Friday, November 04, 2011 • 4:53 PM Comments (5)

Election Countdown: Stormy Weather

posted by Maureen Turner

The freak tornado that hit Springfield June 1 had one bright side, at least for Mayor Domenic Sarno: it created lots of opportunities for him to show up in the media, reaching out to affected residents and vowing to help them get back on their feet.

And while I’m not suggesting that the mayor welcomed such a devastating event—so save the offended emails—it would be naïve to pretend that Sarno didn’t enjoy a public-opinion boost in the days and weeks after the storm. Indeed, the Springfield Republican, in its recent endorsement of the incumbent, cites Sarno’s response to the tornado as one reason he deserves re-election.

Last weekend’s freak snowstorm—and, notably, the subsequent long-term power losses—don’t appear to be serving Sarno as well. As Springfield residents have faced day after day in dark, cold homes, criticism has mounted of the administration’s efforts to get the city cleaned up, lighted up, and generally up and running again.

Sarno, meanwhile, has aimed his criticism at Western Mass. Electric, for not restoring power to the city faster. Earlier this week, the mayor held a press conference to announce that he had been in “constant contact” with upper management at WMECO—and made it clear that he wasn’t happy with them. “The resources that have been devoted to the City of Springfield, the largest community affected, have not been sufficient and therefore the job is not getting done,” Sarno said. “I am becoming increasingly frustrated by WMECO’s response. Utility companies are never hesitant to have rate increases, however, residents need services and it’s now time for them to perform.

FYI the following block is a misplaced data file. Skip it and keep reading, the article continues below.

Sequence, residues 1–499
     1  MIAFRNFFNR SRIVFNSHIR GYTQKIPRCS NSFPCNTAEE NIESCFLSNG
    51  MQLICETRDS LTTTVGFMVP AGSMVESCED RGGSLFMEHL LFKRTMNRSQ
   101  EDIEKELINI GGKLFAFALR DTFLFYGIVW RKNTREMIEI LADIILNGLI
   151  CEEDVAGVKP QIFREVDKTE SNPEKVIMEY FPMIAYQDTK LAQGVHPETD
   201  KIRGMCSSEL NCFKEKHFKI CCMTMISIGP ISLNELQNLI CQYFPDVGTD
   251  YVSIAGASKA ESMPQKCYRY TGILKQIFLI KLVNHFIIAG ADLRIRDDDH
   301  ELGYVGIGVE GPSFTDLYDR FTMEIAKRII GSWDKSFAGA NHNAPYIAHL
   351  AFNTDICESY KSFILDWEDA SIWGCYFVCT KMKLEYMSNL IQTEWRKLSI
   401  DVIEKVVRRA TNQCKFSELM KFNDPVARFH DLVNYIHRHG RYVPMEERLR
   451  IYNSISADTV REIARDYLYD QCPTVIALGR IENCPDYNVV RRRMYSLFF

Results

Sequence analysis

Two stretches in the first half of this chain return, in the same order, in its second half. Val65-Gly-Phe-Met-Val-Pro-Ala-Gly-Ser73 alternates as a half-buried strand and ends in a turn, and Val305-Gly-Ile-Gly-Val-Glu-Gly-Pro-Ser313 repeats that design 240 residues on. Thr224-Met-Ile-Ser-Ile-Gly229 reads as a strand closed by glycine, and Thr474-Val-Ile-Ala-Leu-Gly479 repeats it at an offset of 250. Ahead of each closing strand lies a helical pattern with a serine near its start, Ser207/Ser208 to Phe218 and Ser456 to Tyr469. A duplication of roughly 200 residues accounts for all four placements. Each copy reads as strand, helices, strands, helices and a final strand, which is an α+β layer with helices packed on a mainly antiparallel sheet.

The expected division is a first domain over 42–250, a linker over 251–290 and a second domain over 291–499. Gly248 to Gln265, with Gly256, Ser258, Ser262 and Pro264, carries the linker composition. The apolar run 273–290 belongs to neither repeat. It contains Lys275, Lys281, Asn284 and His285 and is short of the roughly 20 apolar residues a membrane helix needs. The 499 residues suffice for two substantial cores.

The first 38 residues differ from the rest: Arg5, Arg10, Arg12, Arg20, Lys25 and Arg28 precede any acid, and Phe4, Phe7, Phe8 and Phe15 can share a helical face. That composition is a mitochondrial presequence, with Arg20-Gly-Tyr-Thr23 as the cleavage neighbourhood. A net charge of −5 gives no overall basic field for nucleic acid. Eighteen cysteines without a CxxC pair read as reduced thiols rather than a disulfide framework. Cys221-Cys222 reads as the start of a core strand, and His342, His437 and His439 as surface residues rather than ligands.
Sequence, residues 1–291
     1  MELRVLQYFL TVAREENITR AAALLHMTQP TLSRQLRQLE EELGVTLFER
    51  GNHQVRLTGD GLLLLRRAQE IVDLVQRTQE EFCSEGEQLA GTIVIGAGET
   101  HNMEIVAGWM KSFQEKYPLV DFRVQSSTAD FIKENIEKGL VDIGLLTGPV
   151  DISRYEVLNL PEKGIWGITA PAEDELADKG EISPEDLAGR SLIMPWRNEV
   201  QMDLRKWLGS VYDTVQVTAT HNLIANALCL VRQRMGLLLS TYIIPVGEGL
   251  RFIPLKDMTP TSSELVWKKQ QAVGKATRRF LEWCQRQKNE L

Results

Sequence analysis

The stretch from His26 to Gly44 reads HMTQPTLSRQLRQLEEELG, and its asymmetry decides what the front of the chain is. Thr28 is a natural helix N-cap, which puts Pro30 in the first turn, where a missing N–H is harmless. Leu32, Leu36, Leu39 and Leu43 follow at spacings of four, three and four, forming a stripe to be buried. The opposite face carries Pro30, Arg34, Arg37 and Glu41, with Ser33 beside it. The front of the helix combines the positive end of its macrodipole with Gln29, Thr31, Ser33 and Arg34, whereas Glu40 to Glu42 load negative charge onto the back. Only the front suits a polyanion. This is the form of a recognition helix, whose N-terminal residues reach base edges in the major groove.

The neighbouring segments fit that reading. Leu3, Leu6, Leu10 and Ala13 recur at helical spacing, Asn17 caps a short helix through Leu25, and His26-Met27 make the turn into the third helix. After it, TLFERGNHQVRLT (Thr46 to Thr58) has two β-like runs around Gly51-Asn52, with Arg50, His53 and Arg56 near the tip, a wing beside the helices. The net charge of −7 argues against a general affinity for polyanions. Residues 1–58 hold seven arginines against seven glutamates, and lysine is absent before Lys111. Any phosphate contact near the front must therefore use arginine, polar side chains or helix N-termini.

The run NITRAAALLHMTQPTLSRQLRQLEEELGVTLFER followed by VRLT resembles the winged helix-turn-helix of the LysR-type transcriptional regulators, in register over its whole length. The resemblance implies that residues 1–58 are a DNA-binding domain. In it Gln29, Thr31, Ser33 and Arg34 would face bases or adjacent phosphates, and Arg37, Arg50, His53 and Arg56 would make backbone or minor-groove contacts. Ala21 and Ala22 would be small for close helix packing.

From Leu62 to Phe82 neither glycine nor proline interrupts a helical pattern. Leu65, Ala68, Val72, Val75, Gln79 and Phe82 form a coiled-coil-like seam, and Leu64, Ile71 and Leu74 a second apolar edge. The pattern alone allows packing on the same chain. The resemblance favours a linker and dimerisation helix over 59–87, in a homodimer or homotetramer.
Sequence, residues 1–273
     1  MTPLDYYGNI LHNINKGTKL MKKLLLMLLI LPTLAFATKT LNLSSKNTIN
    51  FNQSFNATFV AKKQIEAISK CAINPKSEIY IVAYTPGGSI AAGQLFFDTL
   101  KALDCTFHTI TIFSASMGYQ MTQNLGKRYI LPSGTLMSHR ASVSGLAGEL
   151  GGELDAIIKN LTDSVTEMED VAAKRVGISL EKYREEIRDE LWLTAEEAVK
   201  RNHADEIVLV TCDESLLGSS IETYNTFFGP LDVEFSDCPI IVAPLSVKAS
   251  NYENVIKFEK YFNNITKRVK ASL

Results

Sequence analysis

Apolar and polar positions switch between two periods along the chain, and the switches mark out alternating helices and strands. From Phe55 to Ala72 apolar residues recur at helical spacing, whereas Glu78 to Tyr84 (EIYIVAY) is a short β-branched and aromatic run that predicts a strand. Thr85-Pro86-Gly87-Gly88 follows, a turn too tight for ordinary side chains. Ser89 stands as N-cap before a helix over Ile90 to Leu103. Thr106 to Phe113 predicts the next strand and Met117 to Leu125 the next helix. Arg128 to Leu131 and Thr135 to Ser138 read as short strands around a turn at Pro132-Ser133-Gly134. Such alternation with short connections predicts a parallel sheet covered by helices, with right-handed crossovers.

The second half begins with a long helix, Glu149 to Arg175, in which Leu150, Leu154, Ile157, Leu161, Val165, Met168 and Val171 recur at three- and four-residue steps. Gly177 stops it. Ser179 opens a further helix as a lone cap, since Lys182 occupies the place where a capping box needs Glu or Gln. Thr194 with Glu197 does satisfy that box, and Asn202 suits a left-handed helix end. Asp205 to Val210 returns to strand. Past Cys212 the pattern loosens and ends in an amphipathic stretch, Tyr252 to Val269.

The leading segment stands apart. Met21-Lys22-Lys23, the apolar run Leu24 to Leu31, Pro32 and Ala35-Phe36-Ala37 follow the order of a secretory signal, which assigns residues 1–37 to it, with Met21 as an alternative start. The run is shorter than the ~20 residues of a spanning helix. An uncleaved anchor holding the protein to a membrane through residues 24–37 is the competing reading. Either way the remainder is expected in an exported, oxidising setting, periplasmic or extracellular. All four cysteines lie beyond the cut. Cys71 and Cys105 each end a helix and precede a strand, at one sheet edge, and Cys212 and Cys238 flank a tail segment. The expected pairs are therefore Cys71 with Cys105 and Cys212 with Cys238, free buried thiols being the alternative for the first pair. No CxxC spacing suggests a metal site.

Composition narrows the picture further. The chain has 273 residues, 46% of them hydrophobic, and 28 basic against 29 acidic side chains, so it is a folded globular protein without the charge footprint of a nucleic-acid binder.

“I thank the residents of Springfield for their ongoing patience and resiliency and assure them that I will not tolerate this type of response,” the mayor added. Yesterday, Sarno followed up with an announcement that he’s asked Attorney General Martha Coakley to investigate WMECO’s response to the storm.

One Springfield resident who is not impressed with Sarno’s latest post-storm performance: City Council President José Tosado, who happens to be his opponent in next Tuesday’s mayoral election.

“Mayor Sarno doesn’t mind taking credit for the good stuff,” Tosado charged in a campaign release. “But when something goes wrong, it’s always someone else’s fault.

“No doubt WMECO’s slow response made a bad situation worse. But the Mayors DPW and Parks Department let residents down, too. Roads were not pre-treated, and even major roadways were left unplowed and blocked by trees days after the storm. As of yesterday, traffic signals at thirty intersections were still not functional,” Tosado continued.

Tosado also accused Sarno of milking the tornado for political advantage. WMECO’s response in that case, Tosado said, “was truly outstanding. ... But the Mayor made sure the spotlight was only on him, generating more photo ops and free media exposure that any amount of campaign contributions could buy.”